By Ken Weiss
The Mermaid’s Tale
In 1926, geneticist Thomas Hunt Morgan wrote this about stature:
A man may be tall because he has long legs, or because he has a long body, or both. Some of the genes may affect all parts, but other genes may affect one region more than another. The result is that the genetic situation is complex and, as yet, not unraveled. Added to this is the probability that the environment may also to some extent affect the end-product.
(TH Morgan, The Theory of the Gene, p 294, 1926):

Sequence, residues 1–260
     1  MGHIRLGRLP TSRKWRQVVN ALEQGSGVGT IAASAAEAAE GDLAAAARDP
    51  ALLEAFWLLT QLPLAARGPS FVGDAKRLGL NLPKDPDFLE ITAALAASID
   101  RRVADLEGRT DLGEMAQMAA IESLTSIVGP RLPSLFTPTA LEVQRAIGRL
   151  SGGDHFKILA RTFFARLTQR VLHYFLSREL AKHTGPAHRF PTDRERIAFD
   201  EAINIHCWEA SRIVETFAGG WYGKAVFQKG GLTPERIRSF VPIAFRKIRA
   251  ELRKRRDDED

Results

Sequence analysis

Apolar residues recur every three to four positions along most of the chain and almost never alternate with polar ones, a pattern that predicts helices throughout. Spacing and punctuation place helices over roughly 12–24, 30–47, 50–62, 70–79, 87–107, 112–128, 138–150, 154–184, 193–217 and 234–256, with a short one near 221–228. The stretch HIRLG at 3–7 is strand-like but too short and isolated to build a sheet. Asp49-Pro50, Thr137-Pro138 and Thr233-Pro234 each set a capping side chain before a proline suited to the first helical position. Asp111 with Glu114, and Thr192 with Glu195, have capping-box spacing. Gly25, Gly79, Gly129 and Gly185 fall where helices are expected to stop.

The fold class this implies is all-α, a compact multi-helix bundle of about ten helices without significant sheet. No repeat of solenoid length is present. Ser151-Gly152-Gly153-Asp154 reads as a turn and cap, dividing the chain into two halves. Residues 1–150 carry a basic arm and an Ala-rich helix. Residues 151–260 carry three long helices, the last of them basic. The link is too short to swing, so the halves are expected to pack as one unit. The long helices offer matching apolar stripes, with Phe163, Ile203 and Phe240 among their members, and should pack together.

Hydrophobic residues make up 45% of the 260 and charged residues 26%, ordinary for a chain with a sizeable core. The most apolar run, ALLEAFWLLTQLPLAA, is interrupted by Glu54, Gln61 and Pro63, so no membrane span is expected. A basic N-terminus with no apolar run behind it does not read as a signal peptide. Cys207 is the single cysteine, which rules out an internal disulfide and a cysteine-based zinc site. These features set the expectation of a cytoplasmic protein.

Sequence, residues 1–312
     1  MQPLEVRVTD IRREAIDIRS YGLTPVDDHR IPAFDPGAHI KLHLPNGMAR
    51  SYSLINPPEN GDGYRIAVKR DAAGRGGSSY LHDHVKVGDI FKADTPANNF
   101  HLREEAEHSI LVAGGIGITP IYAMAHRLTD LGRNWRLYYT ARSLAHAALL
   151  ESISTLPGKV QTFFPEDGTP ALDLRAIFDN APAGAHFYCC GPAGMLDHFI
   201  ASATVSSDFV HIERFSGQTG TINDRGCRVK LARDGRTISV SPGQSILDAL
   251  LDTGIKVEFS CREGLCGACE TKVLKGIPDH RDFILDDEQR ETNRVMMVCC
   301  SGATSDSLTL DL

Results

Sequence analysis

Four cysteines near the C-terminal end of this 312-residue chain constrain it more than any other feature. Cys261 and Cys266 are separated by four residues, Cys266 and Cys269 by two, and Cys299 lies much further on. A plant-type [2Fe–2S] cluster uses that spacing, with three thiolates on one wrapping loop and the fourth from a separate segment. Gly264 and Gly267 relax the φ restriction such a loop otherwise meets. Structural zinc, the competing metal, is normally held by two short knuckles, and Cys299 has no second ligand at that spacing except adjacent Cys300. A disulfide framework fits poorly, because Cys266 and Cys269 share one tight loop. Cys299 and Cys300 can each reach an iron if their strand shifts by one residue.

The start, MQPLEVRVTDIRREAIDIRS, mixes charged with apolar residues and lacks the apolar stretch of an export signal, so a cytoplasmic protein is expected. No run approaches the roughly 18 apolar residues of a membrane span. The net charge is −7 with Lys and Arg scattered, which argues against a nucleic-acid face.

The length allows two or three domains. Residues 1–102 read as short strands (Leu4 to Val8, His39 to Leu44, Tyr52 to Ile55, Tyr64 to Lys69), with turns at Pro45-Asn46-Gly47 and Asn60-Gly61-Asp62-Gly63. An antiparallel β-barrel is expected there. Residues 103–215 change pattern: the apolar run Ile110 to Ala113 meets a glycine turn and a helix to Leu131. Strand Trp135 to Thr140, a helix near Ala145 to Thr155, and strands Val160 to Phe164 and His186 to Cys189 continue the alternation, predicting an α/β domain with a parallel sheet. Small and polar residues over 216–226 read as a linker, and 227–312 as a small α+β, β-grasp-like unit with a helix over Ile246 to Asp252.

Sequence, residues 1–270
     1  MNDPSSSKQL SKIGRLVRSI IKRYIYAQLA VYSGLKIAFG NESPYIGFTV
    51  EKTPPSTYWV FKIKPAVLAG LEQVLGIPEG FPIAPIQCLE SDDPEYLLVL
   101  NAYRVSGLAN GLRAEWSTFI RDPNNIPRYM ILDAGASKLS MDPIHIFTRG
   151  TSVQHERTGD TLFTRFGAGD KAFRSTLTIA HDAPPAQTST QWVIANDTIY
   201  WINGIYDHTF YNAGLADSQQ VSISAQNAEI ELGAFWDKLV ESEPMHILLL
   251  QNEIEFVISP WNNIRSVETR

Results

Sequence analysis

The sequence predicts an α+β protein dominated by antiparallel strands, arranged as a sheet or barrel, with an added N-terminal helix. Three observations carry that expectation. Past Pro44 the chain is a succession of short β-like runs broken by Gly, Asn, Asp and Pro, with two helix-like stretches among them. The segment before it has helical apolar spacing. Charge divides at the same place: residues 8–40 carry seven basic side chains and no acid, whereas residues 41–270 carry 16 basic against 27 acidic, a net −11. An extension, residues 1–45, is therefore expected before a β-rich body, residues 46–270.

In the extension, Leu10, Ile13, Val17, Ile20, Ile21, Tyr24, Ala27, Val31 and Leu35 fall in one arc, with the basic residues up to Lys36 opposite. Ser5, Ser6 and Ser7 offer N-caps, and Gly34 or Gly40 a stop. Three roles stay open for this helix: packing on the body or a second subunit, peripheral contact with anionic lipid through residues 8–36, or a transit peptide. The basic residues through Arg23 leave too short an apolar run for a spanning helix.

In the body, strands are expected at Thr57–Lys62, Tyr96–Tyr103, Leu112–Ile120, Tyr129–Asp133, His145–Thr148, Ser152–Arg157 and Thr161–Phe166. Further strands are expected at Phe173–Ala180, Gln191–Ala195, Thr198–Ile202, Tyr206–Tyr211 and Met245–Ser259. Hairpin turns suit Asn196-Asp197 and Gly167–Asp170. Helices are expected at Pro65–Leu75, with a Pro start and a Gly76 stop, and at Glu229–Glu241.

His point, of course, was not about stature per se but about the difficulty of identifying genes ‘for’ traits because there are many pathways to a trait, and they aren’t all genetic. This was understood eighty-eight years ago, and yet we have had study after study, ever larger, merging smaller studies, and all sorts of fancy statistics to account for various internal complications in genome sampling, and still the results pour forth as if we haven’t learned what we need to know about this and many traits like it.